Breaking down the communication barrier: How to talk about Scope 3 effectively
By Sam Carson
An important question raised at the launch of the UK-GBC’s Guidance on Scope 3 was how we use these kinds of tools to educate and communicate carbon. Do we have to explain Scope 3 to surveyors, business leaders and technical staff in order to drive carbon improvements forward?
The answer is “No”.
The Greenhouse Gas Protocol is an accountancy standard which is used to develop consistent and robust reporting across businesses. It means we have aligned definitions so that when I refer to my carbon footprint, we know what that means and have common definitions around it.
It contains useful analytical features which help to isolate specific aspects of the footprint. We can use the different “Scopes” of reporting to understand immediacy or to determine how our responsibility is organised around the carbon footprint. These are useful in developing a strategy or organising the data to go into reports.
How we communicate that to the varied stakeholders to help manage that risk requires a different approach. Increasingly we’re shifting our focus from the immediate Scopes 1 and 2 to the greenhouse gas emissions risks and opportunities that reside within the complete footprint. Once we do that, often this discussion of Scopes and these aspects of accountancy becomes a barrier to communication rather than an enabler.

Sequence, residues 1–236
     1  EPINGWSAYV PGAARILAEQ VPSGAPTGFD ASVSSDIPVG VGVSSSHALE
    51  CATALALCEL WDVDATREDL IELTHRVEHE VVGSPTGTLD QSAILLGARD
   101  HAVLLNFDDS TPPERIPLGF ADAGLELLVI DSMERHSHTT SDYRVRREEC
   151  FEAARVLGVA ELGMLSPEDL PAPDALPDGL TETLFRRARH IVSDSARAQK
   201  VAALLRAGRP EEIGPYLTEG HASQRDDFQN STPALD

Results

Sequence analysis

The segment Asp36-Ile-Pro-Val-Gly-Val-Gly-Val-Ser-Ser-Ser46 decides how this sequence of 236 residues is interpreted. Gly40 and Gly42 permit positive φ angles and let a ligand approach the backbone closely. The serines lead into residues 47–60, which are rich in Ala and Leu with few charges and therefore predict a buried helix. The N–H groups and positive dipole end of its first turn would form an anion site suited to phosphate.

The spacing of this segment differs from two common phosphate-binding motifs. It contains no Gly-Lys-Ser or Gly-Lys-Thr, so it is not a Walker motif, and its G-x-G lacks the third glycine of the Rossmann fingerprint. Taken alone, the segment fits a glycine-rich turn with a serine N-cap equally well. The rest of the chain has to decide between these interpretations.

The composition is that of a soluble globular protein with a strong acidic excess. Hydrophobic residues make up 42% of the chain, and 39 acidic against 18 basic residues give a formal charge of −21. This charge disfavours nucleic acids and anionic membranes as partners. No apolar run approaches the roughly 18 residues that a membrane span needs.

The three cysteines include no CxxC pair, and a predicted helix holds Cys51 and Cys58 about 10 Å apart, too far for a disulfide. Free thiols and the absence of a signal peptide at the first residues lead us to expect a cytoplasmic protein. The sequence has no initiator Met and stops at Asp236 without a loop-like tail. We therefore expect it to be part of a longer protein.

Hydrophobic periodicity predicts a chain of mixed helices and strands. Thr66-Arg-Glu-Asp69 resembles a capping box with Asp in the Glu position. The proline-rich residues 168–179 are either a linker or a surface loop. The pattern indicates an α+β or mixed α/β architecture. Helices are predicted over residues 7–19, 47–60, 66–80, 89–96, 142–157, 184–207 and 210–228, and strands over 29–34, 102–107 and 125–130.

If you are talking about finance, we rarely bring in technical definitions dictated by IFRS standards. It might be important, but a good accountant will communicate the impacts without having to recite the standard chapter in verse. This is something that carbon accounting needs to learn from.
For example Scope 3 emissions from embodied carbon can be a huge carbon risk for Commercial Real Estate, regardless of where it sits within the value chain. It is a risk that needs to be measured and monitored, targeted and we need a plan. The details of the accountancy do not change this. Being Scope 3 doesn’t lessen that risk, it only explains why we are double-counting it alongside other organisations.
Conversely, immaterial emission sources such as employee commuting may not pose as much of a risk. We still need to include it in our footprint and accounts, but its presence should be there to show its relative risk and importance. Having it there means we can correctly attribute the significance of the risk and how we intend to manage it, and understand there are other things to focus on.
We are proud to have supported the development of the UKGBC guidance because we know that having a technically complete understanding of the carbon footprint will help us address the pressing carbon risks within client portfolios. Without a proper screening assessment, we cannot evidence the technical boundary of the footprint. Without a complete footprint, we cannot communicate the extent of climate risk.
It’s like basing a business strategy on an incomplete set of financial accounts, without the full picture we cannot address all the risks.